Eleven officers and one civilian shot "ambush-style," five fatally, after a protest against police brutality came to an end in Dallas.
Eleven police officers were shot, five fatally, as a protest against the police shootings of black men by police officers this week came to a close in Dallas tonight.
The protest in Dallas, Texas was agt police brutality, in which recent events left two black men unrightfully dead in Minnesota and Louisiana.
As the protest was ending, police officers were protecting the protestors when sniper fire rained down on them from the suspects and eleven of them and one civilian were wounded, many having been shot in the back. It was just before 9pm and five officers were confirmed dead.
A SWAT team was involved in a shootout with one of the suspects following reports of them negotiating with the shooter in a parking garage and officers took him into custody at about 11:30pm local time. Another suspect, whose photo was circulated online by the Dallas Police Department, turned himself in soon after.
The suspects may have also threatened to plant a bomb in the downtown area and police announced that a “suspicious package” was found near the suspect that was taken into custody. As a result, public transit has been shut down due to “criminal activity.”
As chaos ensued, the Dallas Police Department tweeted a photo of a suspect and said, “Please help us find him!”
In a press conference, Dallas Police Chief David Brown said,
“We believe that these suspects were positioning themselves in a way to triangulate on these officers from two different perches in garages in the downtown area, and planned to injure and kill as many law enforcement officers as they could.”
About 800 people were involved in the demonstration and 100 officers were assigned to the event and the surrounding area. The demonstration had ended and a march through downtown was taking place when the shooting started.
The protest was one of several held in cities nationwide following the police shootings in Minnesota and Louisiana.
In Baton Rouge, Louisiana, Alton Sterling was mercilessly shot in the head at point blank range while two officers held him down tightly after he resisted arrest for selling CDs outside a store. He was likely resisting arrest because he was allowed to sell the CDs and didn’t understand the charges against him. When it turned out he was armed, the officers grew nervous even though they were holding him down and shot the father to death.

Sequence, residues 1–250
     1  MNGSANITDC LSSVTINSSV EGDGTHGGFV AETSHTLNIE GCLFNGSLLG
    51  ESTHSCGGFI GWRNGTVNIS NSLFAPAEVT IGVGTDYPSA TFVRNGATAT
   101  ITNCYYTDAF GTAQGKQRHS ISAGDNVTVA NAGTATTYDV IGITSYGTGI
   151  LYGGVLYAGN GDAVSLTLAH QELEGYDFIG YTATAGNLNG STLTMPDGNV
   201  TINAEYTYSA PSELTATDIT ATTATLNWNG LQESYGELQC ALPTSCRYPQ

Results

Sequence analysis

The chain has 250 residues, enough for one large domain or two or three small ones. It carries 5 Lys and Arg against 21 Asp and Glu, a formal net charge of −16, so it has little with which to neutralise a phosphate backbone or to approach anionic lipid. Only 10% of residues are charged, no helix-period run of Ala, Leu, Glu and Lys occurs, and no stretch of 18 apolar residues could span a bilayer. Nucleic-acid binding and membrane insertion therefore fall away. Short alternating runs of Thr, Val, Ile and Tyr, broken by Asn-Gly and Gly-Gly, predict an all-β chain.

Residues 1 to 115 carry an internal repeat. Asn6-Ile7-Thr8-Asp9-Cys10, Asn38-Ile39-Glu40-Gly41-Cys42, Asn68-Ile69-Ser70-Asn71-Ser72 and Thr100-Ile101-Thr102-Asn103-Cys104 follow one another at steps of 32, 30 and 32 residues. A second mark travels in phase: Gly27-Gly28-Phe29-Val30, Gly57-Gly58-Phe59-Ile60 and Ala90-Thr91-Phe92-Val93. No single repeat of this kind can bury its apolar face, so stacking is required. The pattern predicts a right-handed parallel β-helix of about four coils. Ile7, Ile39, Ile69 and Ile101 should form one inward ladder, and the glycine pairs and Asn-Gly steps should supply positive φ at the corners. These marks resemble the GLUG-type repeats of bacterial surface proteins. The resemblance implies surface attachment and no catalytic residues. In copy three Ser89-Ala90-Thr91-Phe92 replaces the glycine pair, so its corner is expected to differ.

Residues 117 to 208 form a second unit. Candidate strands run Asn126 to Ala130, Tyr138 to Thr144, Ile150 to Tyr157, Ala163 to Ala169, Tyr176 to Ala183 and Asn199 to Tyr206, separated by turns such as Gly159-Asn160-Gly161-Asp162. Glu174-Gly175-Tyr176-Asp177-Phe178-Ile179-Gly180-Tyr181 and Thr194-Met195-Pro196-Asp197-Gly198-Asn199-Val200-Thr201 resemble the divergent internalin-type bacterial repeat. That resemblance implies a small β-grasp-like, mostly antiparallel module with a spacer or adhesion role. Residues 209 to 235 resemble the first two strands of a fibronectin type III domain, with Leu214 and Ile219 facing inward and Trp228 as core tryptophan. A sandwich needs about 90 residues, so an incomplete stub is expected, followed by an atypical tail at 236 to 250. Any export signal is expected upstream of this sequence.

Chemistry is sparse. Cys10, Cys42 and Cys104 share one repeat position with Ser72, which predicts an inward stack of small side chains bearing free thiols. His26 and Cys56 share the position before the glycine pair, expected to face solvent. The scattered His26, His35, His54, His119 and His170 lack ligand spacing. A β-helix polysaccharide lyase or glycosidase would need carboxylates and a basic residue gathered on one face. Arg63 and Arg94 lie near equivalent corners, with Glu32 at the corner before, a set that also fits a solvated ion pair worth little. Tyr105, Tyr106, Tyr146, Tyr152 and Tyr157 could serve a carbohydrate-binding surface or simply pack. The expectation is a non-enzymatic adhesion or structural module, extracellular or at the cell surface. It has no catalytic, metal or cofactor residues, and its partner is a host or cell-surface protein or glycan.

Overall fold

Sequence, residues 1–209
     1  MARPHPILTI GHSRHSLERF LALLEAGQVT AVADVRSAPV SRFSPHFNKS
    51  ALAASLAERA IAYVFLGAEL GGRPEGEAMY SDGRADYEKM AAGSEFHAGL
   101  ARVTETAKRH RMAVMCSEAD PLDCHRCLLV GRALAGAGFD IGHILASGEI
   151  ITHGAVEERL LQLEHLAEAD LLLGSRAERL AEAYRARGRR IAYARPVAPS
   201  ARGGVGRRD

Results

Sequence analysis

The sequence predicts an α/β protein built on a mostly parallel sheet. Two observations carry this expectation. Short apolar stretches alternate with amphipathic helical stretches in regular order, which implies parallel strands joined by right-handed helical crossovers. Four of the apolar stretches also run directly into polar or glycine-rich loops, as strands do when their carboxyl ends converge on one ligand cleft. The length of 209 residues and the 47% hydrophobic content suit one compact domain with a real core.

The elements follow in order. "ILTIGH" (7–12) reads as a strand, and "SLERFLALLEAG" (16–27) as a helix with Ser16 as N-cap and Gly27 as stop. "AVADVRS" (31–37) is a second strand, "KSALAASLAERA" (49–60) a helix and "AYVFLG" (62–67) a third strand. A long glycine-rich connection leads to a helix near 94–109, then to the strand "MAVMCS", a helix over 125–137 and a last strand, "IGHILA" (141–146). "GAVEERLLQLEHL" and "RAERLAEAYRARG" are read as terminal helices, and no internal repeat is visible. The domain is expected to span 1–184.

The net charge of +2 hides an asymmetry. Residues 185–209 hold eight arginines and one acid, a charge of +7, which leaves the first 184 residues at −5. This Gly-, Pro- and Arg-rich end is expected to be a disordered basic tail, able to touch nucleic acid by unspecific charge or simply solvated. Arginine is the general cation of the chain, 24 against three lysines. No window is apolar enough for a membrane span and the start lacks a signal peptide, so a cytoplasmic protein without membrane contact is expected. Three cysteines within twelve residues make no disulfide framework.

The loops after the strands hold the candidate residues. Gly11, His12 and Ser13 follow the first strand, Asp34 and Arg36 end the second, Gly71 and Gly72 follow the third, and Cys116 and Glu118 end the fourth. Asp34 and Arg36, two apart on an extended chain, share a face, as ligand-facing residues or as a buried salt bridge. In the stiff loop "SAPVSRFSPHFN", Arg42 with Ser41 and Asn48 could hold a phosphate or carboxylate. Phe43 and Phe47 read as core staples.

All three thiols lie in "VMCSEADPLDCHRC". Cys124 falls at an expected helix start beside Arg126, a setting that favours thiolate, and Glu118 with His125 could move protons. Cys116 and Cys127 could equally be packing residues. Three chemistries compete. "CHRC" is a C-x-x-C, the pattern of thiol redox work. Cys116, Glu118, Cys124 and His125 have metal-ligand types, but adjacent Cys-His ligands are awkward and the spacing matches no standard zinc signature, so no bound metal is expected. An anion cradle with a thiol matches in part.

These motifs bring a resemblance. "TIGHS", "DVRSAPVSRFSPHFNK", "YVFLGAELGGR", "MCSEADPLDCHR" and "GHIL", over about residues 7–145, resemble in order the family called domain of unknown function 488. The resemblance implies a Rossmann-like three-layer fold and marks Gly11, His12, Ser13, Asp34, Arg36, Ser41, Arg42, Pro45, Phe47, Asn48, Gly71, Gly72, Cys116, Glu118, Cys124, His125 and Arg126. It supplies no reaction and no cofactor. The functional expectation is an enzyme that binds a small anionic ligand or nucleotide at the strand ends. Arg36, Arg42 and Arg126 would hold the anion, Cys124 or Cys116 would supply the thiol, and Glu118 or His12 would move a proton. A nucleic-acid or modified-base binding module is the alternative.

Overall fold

In St. Paul, Minnesota, Philando Castile was pulled over for a broken taillight and informed the officer that he was licensed to carry a gun and was going to slowly reach for his wallet. Before he could reach his wallet, the officer shot him four times in the arm and Castile died soon after in the car. The aftermath of the incident was caught on camera and his distraught girlfriend explains what happened while Castile lays dead next to her with her 4-year-old in the backseat.
Both of these deaths of black men at the hands of police officers are inexplicable, unjustifiable, and likely driven by race. It’s easy to understand why many are protesting these deaths in order to get justice for the deceased and prevent these shootings from continuing in the future.
A protestor in New York, Lawrence Amsterdam, explains the dilemma perfectly:
“It’s supposed to be innocent until proven guilty. But the way I see it, it’s murder first and ask questions later.”
As the nation continues to heat up over these issues, the lives of officers are now more at risk than ever before. Unfortunately, these officers were caught in the line of fire of an age-old problem of racial injustice and police brutality but hopefully the violence and murder can cease so that the nation can achieve peace.
This story is still in progress with both suspects recently placed in custody.
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This article (Breaking: 5 Police Officers Shot Dead After A Police Brutality Protest, Suspects At Large) is free and open source. You have permission to republish this article under a Creative Commons license with attribution to the author and TrueActivist.com
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